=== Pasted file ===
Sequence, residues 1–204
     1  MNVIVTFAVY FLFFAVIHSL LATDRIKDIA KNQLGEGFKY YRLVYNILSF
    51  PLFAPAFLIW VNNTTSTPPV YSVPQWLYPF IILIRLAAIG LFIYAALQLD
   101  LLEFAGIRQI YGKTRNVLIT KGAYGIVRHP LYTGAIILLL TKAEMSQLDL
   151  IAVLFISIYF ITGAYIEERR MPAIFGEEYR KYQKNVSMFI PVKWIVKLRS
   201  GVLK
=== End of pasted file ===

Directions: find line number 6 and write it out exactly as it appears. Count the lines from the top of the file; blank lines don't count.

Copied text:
   201  GVLK